I got this plant as a tiny little shoot no more than three inches high a little over two years ago. I cared for it and it grew nice and strong, but not very big. I had this feeling that it needed space for its roots to expand. I got a larger bowl and some potting soil and decided to transplant it. It looked very sad for a few weeks afterwards, and I watered it and told it how happy it would be after it adjusted to its new home.
Once it got settled in the new soil, it began growing really fast and looking strong and hardy. I realized that it had simply needed room to stretch and grow. It required freedom of movement. As you can see from the photo, it has sent out many new shoots.
Plants and Children
It made me think of a child coming into a Montessori classroom or coming home after school to a child-friendly place, finding activities of genuine interest and room to grow. The prepared environment encourages the child to send out shoots of interest and ability that a more contained environment does not encourage.
The same evening I began writing this, a friend sent me a quotation from an Indian man who came to the United States in the late 1800s to teach.
You cannot teach a child any more than you can grow a plant…you can only help. It is a manifestation from within; the child develops its own nature—you can only take away obstructions. Swami Vivikenanda
His words are very similar to Montessori’s words when she tells us that we need to remove obstacles to the child’s development in order to allow spontaneous development from within.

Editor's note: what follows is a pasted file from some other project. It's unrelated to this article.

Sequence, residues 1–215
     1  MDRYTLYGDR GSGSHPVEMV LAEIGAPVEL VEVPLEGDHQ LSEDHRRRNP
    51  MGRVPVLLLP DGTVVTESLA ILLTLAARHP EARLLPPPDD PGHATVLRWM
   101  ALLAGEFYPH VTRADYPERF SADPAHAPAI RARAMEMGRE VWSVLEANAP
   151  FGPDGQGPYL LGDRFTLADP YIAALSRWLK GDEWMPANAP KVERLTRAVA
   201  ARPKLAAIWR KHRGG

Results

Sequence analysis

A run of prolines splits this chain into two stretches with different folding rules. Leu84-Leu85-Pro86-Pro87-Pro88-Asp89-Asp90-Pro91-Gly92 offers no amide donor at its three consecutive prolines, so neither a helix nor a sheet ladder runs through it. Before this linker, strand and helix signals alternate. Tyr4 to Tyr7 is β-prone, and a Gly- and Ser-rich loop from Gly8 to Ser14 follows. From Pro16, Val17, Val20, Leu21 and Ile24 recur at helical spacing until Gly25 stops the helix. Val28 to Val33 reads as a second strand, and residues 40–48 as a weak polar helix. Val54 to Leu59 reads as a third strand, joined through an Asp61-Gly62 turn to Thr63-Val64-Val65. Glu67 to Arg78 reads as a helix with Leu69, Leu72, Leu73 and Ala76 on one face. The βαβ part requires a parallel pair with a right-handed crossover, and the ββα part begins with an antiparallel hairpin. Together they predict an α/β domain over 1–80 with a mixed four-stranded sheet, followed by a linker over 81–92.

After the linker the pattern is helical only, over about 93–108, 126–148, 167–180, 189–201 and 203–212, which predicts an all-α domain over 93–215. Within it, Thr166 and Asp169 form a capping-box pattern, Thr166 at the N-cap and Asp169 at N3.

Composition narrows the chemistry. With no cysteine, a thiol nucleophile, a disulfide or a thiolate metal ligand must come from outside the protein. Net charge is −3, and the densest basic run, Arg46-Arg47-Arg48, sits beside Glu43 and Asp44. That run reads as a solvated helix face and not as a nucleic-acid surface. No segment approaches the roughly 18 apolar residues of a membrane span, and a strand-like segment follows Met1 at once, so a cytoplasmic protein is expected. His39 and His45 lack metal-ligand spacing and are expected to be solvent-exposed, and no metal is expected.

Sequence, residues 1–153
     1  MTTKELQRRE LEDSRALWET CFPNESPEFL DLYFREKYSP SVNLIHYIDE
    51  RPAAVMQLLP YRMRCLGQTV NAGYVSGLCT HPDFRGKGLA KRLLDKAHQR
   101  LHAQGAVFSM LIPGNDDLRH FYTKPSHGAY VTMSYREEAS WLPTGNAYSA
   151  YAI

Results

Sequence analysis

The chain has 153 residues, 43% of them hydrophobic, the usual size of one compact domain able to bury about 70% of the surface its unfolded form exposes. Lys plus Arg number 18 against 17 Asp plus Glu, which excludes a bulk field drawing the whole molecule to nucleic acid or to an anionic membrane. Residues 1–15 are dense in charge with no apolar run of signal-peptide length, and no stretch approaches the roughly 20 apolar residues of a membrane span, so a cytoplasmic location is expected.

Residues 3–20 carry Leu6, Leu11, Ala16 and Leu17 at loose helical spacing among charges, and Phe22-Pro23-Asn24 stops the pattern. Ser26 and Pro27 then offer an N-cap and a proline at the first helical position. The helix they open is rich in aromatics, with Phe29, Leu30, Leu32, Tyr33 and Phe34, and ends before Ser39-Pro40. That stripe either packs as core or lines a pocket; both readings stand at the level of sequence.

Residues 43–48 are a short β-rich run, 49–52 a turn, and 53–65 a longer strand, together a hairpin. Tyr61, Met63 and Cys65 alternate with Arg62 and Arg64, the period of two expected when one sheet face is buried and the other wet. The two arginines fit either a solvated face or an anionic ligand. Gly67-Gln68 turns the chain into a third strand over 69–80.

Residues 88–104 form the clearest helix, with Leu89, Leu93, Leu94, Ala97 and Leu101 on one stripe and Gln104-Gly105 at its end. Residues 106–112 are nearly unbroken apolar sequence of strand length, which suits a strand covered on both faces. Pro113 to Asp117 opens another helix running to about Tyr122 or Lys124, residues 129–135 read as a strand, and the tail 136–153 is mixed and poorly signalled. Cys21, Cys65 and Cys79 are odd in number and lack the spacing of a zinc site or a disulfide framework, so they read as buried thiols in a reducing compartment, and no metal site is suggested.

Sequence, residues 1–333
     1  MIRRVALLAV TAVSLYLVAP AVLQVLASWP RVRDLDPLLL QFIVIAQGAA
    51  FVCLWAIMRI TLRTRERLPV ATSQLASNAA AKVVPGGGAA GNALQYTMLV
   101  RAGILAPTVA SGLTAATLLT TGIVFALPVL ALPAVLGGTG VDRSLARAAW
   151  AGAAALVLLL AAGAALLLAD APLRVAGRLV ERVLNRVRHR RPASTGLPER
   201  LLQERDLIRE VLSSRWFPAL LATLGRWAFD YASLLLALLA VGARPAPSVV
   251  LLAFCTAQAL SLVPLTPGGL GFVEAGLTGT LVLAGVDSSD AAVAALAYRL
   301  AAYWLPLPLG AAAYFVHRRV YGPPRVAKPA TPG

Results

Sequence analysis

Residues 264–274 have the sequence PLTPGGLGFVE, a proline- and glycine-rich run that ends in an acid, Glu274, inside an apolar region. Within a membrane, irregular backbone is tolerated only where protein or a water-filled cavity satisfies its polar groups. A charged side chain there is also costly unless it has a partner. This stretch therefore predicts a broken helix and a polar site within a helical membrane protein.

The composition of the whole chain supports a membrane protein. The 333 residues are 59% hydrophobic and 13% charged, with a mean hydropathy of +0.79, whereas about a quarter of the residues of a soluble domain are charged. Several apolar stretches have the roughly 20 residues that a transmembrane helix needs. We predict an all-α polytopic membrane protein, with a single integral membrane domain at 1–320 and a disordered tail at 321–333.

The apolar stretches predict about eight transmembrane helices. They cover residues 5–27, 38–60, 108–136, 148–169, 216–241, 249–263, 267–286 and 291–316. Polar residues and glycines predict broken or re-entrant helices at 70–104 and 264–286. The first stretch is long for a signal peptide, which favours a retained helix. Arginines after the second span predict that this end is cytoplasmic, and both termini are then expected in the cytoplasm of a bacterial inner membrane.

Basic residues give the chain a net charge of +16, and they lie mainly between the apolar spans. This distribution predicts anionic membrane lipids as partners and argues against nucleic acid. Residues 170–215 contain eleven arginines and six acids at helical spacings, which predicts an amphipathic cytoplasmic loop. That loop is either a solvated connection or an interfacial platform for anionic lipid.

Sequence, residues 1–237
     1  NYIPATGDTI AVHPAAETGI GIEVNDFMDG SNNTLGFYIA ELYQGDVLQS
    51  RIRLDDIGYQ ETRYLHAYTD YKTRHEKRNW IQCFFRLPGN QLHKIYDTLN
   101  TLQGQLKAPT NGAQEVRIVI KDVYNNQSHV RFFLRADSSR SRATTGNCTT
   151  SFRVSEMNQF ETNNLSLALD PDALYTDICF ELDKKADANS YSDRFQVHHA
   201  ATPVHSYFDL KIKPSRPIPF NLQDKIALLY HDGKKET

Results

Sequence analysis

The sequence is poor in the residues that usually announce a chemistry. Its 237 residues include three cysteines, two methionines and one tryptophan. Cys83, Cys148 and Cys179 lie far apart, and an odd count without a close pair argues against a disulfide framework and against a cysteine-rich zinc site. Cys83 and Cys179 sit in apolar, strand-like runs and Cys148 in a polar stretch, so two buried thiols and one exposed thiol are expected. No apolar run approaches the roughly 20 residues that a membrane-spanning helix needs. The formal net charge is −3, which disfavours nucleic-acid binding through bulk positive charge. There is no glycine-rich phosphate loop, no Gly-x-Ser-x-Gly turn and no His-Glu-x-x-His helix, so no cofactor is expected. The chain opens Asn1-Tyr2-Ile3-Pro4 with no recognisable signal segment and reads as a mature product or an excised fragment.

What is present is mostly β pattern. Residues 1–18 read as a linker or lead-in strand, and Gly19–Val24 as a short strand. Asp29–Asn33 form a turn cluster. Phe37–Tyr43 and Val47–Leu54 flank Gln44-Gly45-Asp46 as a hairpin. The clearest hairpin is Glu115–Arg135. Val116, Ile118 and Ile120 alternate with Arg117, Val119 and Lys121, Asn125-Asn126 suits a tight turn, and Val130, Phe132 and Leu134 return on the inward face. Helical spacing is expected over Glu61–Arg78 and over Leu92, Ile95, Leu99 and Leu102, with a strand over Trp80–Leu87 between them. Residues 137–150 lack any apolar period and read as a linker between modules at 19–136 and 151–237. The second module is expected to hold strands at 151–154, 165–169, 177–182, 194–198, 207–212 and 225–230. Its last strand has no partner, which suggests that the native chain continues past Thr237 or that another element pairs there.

In The Secret of Childhood, Maria Montessori writes:
A child's psychic life is so fluid that its natural manifestations can completely disappear in an unfavorable environment and be replaced by others. Before elaborating any system of education, we must therefore create a favorable environment that will encourage the flowering of a child’s natural gifts. All that is needed is to remove the obstacles. And this should be the basis of, and point of departure for, all future education.
Montessori removes obstacles by placing materials on low shelves in complete sets so all that the child needs for a given activity is ready and waiting for him. You can easily set up a low shelf in your home and make various activities child-ready. Many moms do this in their kitchens with simple practical life and art activities so that, when they need to be engaged in meal preparation, there is something for the child to do as well.
Here is a Montessori lesson in banana peeling and cutting from a school in South Korea. If you look carefully, you can see that everything the child needs for cutting, serving, and cleaning up is part of the lesson. This permits the child to choose the lesson when she is interested, do it, and then clean up, being independent in all her actions.
The more your child's school and your home answer your child's needs, the happier you and your child will be!